“Do it again next year,” he said after the Sky Blues’ grand final win, on penalties, over Melbourne Victory.
Arnold joins Ange Postecoglou and Ernie Merrick as coaches with two A-League championships and two Premiers’ Plates.
And yesterday’s nailbiting 4-2 penalties win in front of 41,546 fans at Allianz Stadium – after scores were locked 1-1 after extra-time – capped a remarkable season by his Sky Blues.
Sydney lost just one game, and won the league by 17 points in a feat Arnold believed should be better acknowledged.
“The fact that we won the league by 17 points, so convincingly, that has created debate whether the premiership needs to be rewarded even more,” he said.
“The premiership, you win and you don’t get a medal, you don’t get nothing. It’s like you play 27 rounds for nothing.
“Obviously the grand final is the main thing, that is what the Australian way is. So it was good just to finish it off.”
Arnold felt few nerves on grand final day.
“The only stress that I had, if I did have any before the game, was just I wanted it so badly for the players for what they have done this year,” he said.
“They’re such a fantastic group of people that turn up every day with a fantastic attitude. They have got wonderful mateship.
“I didn’t have to do too much talking… they were talking about how hard we have worked since August last year.
“They were talking about the mateship and the character and saying the camaraderie in the group is going to get us over the line.”
Goalkeeping hero Danny Vukovic said his mentorJohn Crawley gave him the aces that he revealed at exactly the right moments.
Vukovic was on the money with a low save to stop Marco Rojas’ penalty and set Milos Ninkovic up for the winning spot kick. As has been the key to Sydney’s indestructible season, the stroke of genius was in teamwork – on this occasion in tandem with his goalkeeping mentor.
“John Crawley, my goalkeeper coach studied all their penalty takers so he knew where they all went with their last penalties,” Vukovic said.
“That’s usually a good indicator of where they’re going to go again.
“There were a couple he didn’t know – Leigh Broxham and Carl Valeri – but the others he pointed out and he was right.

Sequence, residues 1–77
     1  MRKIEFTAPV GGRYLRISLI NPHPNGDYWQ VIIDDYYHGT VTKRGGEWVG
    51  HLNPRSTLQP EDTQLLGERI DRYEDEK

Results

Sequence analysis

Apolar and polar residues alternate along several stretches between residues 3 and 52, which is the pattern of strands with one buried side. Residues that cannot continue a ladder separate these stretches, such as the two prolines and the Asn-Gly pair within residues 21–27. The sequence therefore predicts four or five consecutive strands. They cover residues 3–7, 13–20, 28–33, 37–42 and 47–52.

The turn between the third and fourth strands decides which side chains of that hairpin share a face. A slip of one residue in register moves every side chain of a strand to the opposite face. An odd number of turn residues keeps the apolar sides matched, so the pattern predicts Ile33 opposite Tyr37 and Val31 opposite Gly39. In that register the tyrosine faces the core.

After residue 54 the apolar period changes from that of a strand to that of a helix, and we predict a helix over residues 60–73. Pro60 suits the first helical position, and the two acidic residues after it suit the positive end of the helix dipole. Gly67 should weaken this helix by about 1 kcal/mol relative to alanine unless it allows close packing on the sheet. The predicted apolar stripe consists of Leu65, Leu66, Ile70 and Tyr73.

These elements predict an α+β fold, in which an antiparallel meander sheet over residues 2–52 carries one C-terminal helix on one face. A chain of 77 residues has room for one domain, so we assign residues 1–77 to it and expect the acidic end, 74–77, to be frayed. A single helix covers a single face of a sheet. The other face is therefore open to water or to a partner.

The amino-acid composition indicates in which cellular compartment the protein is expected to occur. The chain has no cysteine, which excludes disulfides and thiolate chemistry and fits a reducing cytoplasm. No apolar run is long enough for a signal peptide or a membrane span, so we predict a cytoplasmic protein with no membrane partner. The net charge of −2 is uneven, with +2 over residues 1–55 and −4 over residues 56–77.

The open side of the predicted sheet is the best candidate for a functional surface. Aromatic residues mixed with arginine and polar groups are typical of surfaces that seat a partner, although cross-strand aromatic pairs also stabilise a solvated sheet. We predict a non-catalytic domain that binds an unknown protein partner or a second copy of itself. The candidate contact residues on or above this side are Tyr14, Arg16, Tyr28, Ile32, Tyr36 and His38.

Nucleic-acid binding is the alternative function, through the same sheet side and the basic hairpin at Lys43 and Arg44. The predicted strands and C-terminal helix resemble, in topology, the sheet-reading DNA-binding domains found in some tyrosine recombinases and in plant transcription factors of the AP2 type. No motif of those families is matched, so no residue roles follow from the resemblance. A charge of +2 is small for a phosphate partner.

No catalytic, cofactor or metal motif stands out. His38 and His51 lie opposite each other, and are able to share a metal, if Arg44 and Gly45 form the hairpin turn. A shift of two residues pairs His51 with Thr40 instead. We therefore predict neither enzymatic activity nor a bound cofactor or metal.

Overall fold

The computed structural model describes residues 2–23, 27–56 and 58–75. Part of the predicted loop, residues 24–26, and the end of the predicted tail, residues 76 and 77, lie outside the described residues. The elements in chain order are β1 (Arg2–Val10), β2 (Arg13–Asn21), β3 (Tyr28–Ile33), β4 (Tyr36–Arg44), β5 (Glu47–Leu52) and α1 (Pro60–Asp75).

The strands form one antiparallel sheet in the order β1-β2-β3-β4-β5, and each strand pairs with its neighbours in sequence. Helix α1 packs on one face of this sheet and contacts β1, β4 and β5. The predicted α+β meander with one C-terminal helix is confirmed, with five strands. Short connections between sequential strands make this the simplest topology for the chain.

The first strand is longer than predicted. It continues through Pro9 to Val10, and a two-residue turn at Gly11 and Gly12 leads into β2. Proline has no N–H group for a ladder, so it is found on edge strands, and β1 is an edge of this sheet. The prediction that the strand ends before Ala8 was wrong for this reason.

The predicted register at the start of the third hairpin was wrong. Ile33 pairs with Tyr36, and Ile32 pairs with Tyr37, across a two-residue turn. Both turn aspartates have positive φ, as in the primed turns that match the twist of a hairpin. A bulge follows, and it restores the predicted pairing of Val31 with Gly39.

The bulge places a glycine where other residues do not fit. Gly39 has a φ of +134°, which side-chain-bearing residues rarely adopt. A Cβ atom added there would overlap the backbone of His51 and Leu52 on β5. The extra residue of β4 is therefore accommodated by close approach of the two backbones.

“I knew after saving (Rojas’ penalty) that we were one kick away, so I was just praying Ninko would hit the back of the net.
“His last penalty was against Wollongong in the FFA Cup and he missed so I was a little bit on edge, but with the season he’s had I was pretty certain he was going to.”
When Ninkovic did, the pain of Vukovic’s three previous grand-final losses with Central Coast and Perth Glory dissolved.
It’s been a long wait for the 32-year-old, who admitted he may not have handled a fourth heartbreak in 11 years.
And while the win was apt reward for a career-best season that’s earned him a Socceroos recall, there was even more to celebrate off the field.
In the crowd was Vukovic’s wife and baby son Harley, who recently had a successful life-saving liver transplant.
It was the reason he moved from Melbourne Victory in the off-season, as the family sought medical treatment and family support in Sydney.
The added bonus was joining a winning team full of old teammates and his first senior goalkeeping coach in Crawley.
“Things have fallen into place very nicely for me and my family,” Vukovic said.
“My son has come through a difficult period and is out the other side. He’s on the road to recovery.
“That for me has been the main focus in the last 12 months and football has been brilliant as well.”
Melbourne Victory’s record-breaking goalscorer Besart Berisha believes his side were only short of luck in their quest to be A-League champions.
Berisha opened the scoring on 20 minutes, before the Sky Blues forced extra time and penalties from Rhyan Grant’s scrambled equaliser.
After Rojas had his spot kick saved, skipper Carl Valeri hit the crossbar as Sydney FC claimed the premiership-championship double.
It was a humbling experience for Victory, which was so close to a fourth title, but Berisha said he felt only pride for his teammates.
“The way we approached this game, the way we trained and our mentality coming into the game… I cannot criticise nothing,” Berisha said.
“We’ve been really brave and I’m proud of the way everybody played today.”
Berisha suggested that winning a penalty shootout is basically down to luck and said Victory didn’t really have much of that.
“Penalties are a lucky thing,” he said.
“It’s very hard and difficult especially when you play away (as) all the supporters boo you.
“You have to be a bit lucky. Sydney was a bit more lucky in penalties and they won.”
In scoring his opener, Berisha took his season tally to 21, equalling his best A-League haul in a single campaign.
It was also his record-setting seventh straight goal in a finals match.
Berisha has scored in every final he’s played for Victory and also scored in both matches of Brisbane’s successful 2014 finals campaign.
He also scored a double in the Roar’s 2012 grand final win over Perth Glory.
“I’m happy I can always help the team. It’s my job as a striker to score goals,” he said.
“In these games, these important moments I need to be there for my club.”
The 31-year-old said he was preparing to take the next penalty in the shootout but had no criticism for Valeri or Rojas.
“This is what we (planned) a long time ago. We wanted to line up like this,” he said.
“They missed one. What are you going to do?
“I’ve missed so many penalties in my career.”
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